Holt was once a circus star until he went off to war and returned terribly altered. Circus owner Max Medici hires him to take care of Dumbo, a newborn elephant whose oversized ears make him the laughingstock of the struggling circus troupe. But when Holt's children discover that Dumbo can fly, silver-tongued entrepreneur V.A. Vandevere and aerial artist Colette Marchant swoop in to make the little elephant a star.
When Dumbo first appears in the circus and is being pushed around in a baby buggy, the letters read "Dear Baby Jumbo." Following the damage to the sign and letters falling off/moving around, it reads "Ear Baby Dumbo." See more »
When Holt arrives at the train station he is wearing three medals, a Croix de Guerre, an Army Distinguished Service Cross, and a World War I Victory Medal. Although the Victory Medal was already earned by 1919, the Army did not issue the medals until June of 1920. Also the Victory Medal would probably have a Citation Star since he had earned the DSC. See more »
Come on, time to go. We haven't got all day. Get that monkey on the train. The Medici Brothers' circus is taking off!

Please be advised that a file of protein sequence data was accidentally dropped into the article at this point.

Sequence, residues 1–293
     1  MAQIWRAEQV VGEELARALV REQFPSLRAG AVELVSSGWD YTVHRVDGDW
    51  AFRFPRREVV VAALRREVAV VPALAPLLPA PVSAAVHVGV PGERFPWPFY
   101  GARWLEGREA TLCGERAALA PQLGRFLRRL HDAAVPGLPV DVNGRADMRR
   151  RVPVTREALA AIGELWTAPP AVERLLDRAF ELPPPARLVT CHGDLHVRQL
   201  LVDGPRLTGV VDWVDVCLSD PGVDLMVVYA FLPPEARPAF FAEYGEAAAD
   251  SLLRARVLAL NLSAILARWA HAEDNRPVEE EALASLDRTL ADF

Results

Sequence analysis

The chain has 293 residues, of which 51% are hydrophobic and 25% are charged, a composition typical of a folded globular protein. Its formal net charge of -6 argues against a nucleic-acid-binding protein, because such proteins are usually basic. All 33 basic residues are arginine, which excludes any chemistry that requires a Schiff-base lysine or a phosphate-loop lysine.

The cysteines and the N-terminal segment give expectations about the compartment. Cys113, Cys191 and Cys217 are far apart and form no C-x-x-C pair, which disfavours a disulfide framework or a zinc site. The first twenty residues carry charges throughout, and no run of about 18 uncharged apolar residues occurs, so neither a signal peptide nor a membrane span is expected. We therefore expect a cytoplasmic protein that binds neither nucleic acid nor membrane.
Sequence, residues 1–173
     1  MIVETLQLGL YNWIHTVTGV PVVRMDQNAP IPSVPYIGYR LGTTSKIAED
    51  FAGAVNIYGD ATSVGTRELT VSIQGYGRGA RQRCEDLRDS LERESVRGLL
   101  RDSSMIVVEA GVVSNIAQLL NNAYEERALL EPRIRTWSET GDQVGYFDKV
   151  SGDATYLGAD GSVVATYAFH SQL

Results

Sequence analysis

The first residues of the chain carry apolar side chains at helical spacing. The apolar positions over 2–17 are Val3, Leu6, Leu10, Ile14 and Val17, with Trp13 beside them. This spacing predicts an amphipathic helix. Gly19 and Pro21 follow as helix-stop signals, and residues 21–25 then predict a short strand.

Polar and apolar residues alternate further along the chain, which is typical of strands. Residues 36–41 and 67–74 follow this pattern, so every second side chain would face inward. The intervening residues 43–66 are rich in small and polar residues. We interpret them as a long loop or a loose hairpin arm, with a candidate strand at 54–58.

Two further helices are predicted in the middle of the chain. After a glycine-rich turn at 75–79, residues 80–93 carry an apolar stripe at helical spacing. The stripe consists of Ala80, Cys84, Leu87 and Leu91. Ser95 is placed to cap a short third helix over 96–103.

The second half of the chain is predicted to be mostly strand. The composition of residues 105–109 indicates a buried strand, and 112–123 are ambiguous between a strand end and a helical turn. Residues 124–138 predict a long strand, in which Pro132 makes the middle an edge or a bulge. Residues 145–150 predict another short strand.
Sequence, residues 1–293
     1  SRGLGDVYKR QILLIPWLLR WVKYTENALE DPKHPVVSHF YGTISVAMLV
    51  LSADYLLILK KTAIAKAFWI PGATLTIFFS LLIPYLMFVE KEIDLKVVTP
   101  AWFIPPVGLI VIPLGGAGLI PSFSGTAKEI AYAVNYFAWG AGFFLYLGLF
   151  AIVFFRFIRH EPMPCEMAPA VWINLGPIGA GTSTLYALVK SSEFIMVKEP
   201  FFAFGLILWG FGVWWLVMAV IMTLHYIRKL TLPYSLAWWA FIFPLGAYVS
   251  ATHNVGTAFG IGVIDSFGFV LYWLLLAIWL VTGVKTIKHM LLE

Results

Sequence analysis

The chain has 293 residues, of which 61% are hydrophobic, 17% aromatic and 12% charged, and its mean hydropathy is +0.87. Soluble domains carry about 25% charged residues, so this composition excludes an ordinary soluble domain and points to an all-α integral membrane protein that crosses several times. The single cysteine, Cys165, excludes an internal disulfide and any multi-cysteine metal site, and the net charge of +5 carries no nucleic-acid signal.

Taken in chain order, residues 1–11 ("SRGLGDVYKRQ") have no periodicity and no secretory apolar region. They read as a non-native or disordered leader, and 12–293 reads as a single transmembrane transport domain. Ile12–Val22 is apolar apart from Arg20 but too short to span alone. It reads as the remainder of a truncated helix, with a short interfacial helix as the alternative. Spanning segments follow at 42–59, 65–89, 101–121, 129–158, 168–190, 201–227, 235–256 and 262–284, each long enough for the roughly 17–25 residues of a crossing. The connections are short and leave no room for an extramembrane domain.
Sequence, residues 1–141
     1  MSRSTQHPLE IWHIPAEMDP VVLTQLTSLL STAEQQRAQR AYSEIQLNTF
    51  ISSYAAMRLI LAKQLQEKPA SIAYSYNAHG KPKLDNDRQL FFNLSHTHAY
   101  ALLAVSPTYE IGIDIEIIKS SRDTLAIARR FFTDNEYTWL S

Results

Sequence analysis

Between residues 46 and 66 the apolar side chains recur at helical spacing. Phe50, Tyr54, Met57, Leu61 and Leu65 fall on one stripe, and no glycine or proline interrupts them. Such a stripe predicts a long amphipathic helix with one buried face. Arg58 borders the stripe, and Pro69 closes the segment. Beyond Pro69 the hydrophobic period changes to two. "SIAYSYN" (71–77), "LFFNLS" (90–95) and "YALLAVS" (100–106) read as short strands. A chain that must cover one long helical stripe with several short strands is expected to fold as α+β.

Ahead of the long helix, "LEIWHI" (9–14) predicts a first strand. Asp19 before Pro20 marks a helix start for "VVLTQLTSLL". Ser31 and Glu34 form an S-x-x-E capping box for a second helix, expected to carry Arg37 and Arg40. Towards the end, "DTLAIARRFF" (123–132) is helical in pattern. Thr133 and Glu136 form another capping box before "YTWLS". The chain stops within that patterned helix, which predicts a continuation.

See more »
The last puff of black smoke from Casey Jr. reveals the opening title design, which zooms slightly forward in 3D. For the transition, the title degenerates into blue smoke. See more »
A must see. 80 years after the eponymous cartoon, Tim Burton appropriated pertinently this story, preserving the magic and the poetry but modernizing it, by adding new characters and encrusting spectacular computer-generated animals. In particular, Dumbo is such a cutie and his look is a total success: his eyes are extremely expressive and he is so adorable. This is otherwise not a surprise for a Burton: the atmosphere is darker compared to the cartoon. In three words: I loved it!
59 of 101 people found this review helpful.
Was this review helpful to you?
| Report this